In Changing Market, TV Networks More Selective

Young adults watched less cable TV in 2015, and the television industry was seriously affected. Some networks lost significant portions of their audiences, others remained successful by airing fan-favorite shows and critically-acclaimed hits, and then there were those that succeeded in spite of the changing market.

Networks like History, Comedy Central, and Nick at Nite viewership dropped significantly, USA Today reported. Some networks succeeded in spite of falling ratings. AMC had a successful year with buoys like The Walking Dead, and Mad Men, which kept the network afloat even when other networks saw viewership dwindle.

So, why are audiences turning away from cable TV?

It’s got a lot to do with the rise of broadband and online streaming, which created new ways for audiences to watch shows. These options made it easy for audiences to “cut the cord,” according to The New York Times. Viewers can now access many of their favorite TV shows online without having to sign up for a cable subscription. Just how many alternative options are there? There are upwards of 13, including HBO NOW, Dish Network’s Sling TV, and CBS All Access – all of which eliminate the need for a cable subscription, and are attractive alternatives for a younger, less affluent demographic that’s used to watching shows online via Netflix or Hulu.

Not every traditional cable network suffered as a result of these technologies. Discovery Channel and HGTV were anomalies last year, with viewership up 11 percent on both networks. Networks like Oprah’s OWN, Food Network, Hallmark, Investigation Discovery, and WE tv all saw audience increases as well.

In all, it’s a rough time for TV networks, and it’s even harder to predict the kind of shows that are going to do well on air. Even more disheartening is that even if a production company can produce an excellent TV show, its on-air days are often numbered. Less impressive shows like Pretty Little Liars, (which we’ve blogged about before), succeed on air because they get so much hype on social media and net a young-adult demographic. We actually know who ‘A’ is, and PLL is still returning to television next year.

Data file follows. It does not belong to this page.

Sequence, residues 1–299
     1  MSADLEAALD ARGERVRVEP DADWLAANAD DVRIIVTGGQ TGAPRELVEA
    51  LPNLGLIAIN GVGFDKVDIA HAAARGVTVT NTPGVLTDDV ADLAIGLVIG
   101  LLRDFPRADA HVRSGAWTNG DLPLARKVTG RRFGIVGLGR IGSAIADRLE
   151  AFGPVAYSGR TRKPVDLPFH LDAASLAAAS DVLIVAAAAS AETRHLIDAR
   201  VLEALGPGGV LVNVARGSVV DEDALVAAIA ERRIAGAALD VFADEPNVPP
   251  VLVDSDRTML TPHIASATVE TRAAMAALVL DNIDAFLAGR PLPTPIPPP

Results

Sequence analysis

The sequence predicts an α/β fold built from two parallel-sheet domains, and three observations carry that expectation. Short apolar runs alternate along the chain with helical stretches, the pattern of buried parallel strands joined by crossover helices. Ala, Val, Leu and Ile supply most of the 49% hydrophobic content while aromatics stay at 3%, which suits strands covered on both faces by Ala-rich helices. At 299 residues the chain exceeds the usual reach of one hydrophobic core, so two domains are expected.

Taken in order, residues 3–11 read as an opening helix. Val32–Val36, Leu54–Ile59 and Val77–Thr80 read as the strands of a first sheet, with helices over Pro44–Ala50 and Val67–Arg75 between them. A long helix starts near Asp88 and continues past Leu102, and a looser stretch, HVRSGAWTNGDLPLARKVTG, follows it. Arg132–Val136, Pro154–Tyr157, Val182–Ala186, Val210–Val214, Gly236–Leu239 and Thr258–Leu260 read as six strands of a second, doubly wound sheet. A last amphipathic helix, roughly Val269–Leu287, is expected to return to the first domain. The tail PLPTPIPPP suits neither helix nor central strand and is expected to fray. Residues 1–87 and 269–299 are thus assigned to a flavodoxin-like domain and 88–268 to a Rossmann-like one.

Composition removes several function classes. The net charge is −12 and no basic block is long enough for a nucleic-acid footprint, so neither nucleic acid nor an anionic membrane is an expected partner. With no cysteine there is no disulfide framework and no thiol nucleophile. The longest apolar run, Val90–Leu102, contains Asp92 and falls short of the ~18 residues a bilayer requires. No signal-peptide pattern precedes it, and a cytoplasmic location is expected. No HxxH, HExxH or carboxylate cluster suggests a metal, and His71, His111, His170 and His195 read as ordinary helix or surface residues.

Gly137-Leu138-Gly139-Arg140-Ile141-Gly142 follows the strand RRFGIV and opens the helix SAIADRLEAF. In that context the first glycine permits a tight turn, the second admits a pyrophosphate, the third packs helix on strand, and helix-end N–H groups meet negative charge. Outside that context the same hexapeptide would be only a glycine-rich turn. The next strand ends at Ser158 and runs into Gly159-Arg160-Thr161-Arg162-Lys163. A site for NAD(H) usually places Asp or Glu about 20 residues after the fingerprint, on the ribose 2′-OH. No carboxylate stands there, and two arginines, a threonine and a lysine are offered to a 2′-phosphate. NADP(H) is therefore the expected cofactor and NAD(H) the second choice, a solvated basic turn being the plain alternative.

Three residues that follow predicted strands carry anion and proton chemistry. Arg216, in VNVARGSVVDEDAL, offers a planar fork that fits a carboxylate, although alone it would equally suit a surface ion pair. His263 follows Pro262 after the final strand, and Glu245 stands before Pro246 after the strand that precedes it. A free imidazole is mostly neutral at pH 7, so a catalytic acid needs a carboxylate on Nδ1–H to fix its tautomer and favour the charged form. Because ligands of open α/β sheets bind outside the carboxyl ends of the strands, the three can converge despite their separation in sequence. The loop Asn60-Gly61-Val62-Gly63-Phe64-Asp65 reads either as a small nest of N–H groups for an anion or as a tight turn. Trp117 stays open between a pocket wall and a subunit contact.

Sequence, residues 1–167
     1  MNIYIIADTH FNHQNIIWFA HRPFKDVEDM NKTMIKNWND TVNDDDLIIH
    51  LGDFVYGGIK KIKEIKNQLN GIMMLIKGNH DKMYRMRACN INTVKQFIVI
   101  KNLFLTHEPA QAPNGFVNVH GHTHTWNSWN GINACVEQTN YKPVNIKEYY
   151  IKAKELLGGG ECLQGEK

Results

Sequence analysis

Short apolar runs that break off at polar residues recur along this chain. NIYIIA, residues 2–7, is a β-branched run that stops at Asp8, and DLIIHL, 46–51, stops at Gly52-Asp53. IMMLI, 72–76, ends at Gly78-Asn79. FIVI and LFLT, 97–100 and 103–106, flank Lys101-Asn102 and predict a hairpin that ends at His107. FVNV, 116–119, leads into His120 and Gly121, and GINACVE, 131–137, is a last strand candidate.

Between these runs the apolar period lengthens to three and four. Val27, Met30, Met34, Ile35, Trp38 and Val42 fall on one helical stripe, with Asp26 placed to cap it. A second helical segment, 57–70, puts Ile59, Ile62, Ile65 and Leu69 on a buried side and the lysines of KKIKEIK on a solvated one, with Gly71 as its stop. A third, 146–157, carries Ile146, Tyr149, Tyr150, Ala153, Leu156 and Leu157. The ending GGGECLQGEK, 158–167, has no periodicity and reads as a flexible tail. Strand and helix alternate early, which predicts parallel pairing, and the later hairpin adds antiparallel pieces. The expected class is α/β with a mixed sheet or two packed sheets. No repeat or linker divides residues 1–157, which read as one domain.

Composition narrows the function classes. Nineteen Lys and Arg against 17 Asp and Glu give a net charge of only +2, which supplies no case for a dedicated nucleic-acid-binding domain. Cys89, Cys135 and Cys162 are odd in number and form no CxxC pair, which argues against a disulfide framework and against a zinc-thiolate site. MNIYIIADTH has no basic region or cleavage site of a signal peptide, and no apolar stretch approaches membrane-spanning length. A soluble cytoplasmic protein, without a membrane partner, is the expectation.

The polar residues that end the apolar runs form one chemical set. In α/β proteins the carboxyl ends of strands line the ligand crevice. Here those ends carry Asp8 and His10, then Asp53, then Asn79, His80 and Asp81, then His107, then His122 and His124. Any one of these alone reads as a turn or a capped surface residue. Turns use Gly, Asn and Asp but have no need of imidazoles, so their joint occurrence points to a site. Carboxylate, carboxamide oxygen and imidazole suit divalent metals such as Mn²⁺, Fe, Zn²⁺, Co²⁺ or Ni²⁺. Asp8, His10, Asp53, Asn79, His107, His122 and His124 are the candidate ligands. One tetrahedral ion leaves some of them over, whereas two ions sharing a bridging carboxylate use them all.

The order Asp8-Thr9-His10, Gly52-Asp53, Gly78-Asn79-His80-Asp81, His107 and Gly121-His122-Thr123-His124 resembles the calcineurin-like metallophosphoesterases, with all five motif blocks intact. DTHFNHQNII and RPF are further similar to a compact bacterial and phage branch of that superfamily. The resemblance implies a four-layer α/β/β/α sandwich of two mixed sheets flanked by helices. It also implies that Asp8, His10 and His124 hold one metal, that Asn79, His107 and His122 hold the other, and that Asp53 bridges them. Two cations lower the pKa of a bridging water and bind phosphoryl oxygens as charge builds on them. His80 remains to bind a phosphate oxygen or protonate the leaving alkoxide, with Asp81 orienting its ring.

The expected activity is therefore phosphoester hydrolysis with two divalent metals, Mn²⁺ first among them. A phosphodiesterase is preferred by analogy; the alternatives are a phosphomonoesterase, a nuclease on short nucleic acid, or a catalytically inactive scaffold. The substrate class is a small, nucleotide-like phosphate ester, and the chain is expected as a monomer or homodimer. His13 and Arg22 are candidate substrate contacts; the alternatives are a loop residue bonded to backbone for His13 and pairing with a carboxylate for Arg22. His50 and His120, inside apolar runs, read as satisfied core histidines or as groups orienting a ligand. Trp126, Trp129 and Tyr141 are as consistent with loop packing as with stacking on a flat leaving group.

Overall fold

This dilemma has got production companies asking very-important questions: What kinds of content are networks looking to pick up? What shows will do well in syndication? How can cable TV revamp its style to compete with the sudden surge of online streaming?

Finding the answers to these questions is not easy. But we can start by taking a look at what’s going on at the anomaly networks in the industry – networks without big hits that somehow managed to beat the broken market by securing higher ratings. Successful cable networks are restructuring their brands, and they have the grounds to be pickier than ever when it comes to buying content.

It comes down to selectivity. That’s how one cable TV network managed to gain an increase in viewership this year.

Discovery Channel’s success has a lot to do with a movement to restructure the network’s brand, which involved replacing its former CEO with Disney and Endemol Shine veteran, Rich Ross. In 2013, Ross left Disney to work for Shine. See how Endemol Shine utilizes MediaShowroom here.

Ross, whose experience pitching and producing TV shows to be sold to networks, made the move to the other side at the beginning of last year. He accepted a position at Discovery Communications and has begun to revamp the channel. In an interview with the New York Times, Ross explained that by modifying the network to include the shows that today’s viewers want, he’s been able to get ratings up. Proof of Ross’ success might be in the program, Killing Fields – a serial crime drama that’s eerily similar to the HBO hit, True Detective, and airs this month.

With networks restructuring and finding ways to hit on the right content for viewers, it’s more important than ever for production companies to pitch and produce the right kinds of media. MediaShowroom is the media asset management tool that you need to measure audience engagement. You’ll be able to more easily predict the kinds of media that your clients are looking for – and save money while you’re at it. If you’re interested in learning more about how we can help, take a look at one of our case studies here.

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